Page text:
Lyric Theatre sets scene for new Belfast

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Curtains up as the Lyric in Belfast reopens to the fanfare of heartfelt prayers, hopes and dreams for the ‘living, breathing monument', writes GERRY MORIARTYNorthern Editor

BELFAST’S IMPOSING Lagan river-fronted, reinstated Lyric Theatre was officially opened last night with playwright Brian Friel offering what he called “secular prayers” that it would become a “warm house, a welcoming house” and a “sacred place”.

Minutes before the new theatre kicked into life with a production of Arthur Miller’s The Crucible, Friel said he hoped the new Lyric would find voice “where the spiritual has gone silent or is neglected” and that it would be “impatient” of all that was conventional or fashionable.

Setting the Lyric on its new adventure, he said: “This must become a laboratory for scrutinising untried thoughts and practices. I pray that this house never forgets that it is a playhouse, a house of play, and that laughter and merry-making and wit and comedy and raucous fun and ordinary giddiness and silly giggling may be accommodated here and indeed encouraged because a solemn theatre is a dead theatre.”

He prayed that Belfast would “reap the rewards” of sustaining such a theatre, finally offering a “heartfelt prayer for all the creative people who will work here in the coming decades”.

Friel added: “I pray that they find their reward in putting us in touch again with our deepest souls, of lifting us up again to those neglected values that we need to embrace if we are to be fully human. I solemnly pray that they will indeed find great, great reward in that unique venture. Amen.”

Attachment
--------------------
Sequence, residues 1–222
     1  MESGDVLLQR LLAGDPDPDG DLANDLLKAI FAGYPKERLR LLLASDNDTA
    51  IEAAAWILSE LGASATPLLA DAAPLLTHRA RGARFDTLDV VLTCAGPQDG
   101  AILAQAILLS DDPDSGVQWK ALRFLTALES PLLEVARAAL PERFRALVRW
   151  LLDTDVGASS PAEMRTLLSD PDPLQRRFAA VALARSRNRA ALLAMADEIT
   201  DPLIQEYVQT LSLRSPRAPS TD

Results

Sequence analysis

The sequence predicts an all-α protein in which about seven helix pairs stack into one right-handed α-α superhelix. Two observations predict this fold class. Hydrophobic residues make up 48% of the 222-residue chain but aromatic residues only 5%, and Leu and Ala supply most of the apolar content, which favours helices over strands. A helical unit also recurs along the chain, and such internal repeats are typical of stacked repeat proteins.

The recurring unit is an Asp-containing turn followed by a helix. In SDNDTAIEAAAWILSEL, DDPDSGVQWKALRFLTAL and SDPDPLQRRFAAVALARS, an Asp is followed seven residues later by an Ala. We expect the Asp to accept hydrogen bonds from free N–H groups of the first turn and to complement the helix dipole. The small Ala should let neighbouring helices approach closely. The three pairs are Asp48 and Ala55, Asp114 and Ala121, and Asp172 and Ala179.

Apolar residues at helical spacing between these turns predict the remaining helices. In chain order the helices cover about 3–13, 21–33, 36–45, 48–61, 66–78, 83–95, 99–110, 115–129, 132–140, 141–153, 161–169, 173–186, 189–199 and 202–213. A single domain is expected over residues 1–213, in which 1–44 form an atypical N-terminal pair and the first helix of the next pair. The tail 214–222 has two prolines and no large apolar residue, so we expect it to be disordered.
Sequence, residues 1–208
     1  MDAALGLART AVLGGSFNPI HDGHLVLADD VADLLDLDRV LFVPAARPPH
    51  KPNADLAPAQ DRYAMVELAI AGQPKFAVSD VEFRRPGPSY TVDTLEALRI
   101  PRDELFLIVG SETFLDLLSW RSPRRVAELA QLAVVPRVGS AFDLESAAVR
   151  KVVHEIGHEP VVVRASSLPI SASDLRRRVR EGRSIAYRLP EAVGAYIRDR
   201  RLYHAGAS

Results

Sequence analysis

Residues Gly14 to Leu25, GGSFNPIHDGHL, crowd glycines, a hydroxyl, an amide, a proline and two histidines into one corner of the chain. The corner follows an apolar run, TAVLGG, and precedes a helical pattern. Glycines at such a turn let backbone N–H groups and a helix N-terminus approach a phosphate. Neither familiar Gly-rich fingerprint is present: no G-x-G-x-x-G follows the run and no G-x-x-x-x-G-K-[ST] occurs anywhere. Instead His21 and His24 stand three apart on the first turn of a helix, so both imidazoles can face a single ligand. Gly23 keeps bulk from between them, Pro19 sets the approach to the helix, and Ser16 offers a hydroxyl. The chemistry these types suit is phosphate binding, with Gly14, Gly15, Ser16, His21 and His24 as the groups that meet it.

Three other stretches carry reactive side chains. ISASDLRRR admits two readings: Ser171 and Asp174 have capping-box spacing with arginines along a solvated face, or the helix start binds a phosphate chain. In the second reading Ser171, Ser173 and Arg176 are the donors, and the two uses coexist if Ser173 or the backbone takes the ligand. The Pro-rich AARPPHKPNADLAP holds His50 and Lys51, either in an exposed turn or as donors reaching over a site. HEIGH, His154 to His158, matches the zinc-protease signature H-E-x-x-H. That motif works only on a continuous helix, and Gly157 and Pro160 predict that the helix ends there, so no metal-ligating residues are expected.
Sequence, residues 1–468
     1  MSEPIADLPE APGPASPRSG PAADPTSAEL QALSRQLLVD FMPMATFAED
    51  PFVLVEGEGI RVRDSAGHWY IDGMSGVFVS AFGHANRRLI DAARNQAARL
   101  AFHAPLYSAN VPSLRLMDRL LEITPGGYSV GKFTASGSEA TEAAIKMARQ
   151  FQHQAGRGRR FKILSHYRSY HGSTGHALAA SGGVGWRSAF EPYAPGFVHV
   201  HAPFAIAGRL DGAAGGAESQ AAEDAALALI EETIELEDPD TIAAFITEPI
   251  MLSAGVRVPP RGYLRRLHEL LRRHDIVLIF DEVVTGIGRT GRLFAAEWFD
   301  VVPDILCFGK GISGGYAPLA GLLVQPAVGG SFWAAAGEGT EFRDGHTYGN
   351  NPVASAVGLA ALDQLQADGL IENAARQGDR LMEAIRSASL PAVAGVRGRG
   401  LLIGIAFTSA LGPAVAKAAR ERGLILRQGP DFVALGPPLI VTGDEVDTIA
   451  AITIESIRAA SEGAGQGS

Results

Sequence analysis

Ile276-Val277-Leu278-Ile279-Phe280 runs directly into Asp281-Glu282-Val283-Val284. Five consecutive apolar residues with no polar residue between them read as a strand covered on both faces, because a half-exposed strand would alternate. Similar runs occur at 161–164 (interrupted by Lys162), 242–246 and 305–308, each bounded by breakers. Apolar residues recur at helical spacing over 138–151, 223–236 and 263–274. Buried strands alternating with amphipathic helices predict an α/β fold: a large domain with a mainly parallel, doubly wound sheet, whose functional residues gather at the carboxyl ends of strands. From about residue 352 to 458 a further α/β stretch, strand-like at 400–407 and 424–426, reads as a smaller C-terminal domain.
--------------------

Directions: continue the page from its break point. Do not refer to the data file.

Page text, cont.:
Belfast was so proud of the new theatre, which replaced the old Lyric built on the same site in 1971, that it had two openings at the weekend, the “official” black-tie gala opening last night, and an event on Saturday – with more celebrations to come.

Actor Simon Callow, who was at both events, said it was a “world-beating theatre”. He was reluctant to use the word but the new Lyric truly was an “iconic” building, he added. On first sight of the large angular red-brick building looking onto the river Lagan in the heart of Stranmillis, close to Queen’s University, he was struck by the “confidence” of the structure, and how its “panache took my breath away”.

“This building expresses a new Belfast which is alert, fresh, original, ready to take on the world,” said Callow.

The Lyric has two auditoriums, the Northern Bank-sponsored main theatre which holds 389 and the Naughton Studio which can seat up to 150, with Glen Dimplex owner Martin Naughton and his wife Carmel contributing

£1 million for this latter facility. It also has spacious dressing rooms. rehearsal space, a cafe and bars.

On Saturday, chief architect John Tuomey of Dublin-based firm O’Donnell+Tuomey said, “Today is one of the days of my life.” He said it was now time for the building to “fend for itself in the world” as it rose “out of the deep background of Belfast’s urban architecture, between brick streets and tall trees, reflected in the river, belonging in its place”.

The patron of the Lyric, Liam Neeson, was unable to attend events but through friend and fellow actor Adrian Dunbar sent words of congratulations. “You have taken the Lyric from a dream to a concrete idea, to a physical manifestation,” he said. “May it be a living, breathing monument to and for the spirit of the people of Northern Ireland.”

The chairman of the Lyric, the BBC current affairs journalist Mark Carruthers, said the “Lyric was back, bigger and better than anyone dared to imagine” and would “offer more people than ever before the thrilling experience of live theatre”. He said the theatre was never just about “bricks and mortar”; it was always about a “bigger vision” – it was a “unifying force, a new Lyric in a new Northern Ireland”.

Rosalie Flanagan, permanent secretary of the Department of Culture, Arts and Leisure, which provided £9.5 million of the £18.1 million cost of the building, recalled that her first visit to the old Lyric was in 1971 to see Romeo and Juliet, and how it “kept going right through the dark days” of the Troubles.

The Lyric opened debt-free with some £6 million in private donations. And after all the fundraising, it still had enough to buy a Steinway piano. It was on this pianist Barry Douglas played pieces by Chopin and Debussy and finally his own wonderful improvisation on My Lagan Love.

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